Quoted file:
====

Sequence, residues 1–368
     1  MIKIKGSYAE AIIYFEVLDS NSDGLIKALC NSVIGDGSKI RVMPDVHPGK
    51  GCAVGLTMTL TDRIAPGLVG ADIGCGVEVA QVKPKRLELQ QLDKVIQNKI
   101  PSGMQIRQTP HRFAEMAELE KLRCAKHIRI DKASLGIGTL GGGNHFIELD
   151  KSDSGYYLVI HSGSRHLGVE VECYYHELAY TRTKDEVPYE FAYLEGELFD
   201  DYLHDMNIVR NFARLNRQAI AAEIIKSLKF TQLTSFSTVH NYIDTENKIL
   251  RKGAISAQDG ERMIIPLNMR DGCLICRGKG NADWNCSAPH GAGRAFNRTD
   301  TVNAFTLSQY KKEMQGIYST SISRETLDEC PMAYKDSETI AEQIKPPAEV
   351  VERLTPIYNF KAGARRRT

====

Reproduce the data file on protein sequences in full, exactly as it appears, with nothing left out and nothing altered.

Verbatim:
Sequence, residues 1–368
     1  MIKIKGSYAE AIIYFEVLDS NSDGLIKALC NSVIGDGSKI RVMPDVHPGK
    51  GCAVGLTMTL TDRIAPGLVG ADIGCGVEVA QVKPKRLELQ QLDKVIQNKI
   101  PSGMQIRQTP HRFAEMAELE KLRCAKHIRI DKASLGIGTL GGGNHFIELD
   151  KSDSGYYLVI HSGSRHLGVE VECYYHELAY TRTKDEVPYE FAYLEGELFD
   201  DYLHDMNIVR NFARLNRQAI AAEIIKSLKF TQLTSFSTVH NYIDTENKIL
   251  RKGAISAQDG ERMIIPLNMR DGCLICRGKG NADWNCSAPH GAGRAFNRTD
   301  TVNAFTLSQY KKEMQGIYST SISRETLDEC PMAYKDSETI AEQIKPPAEV
   351  VERLTPIYNF KAGARRRT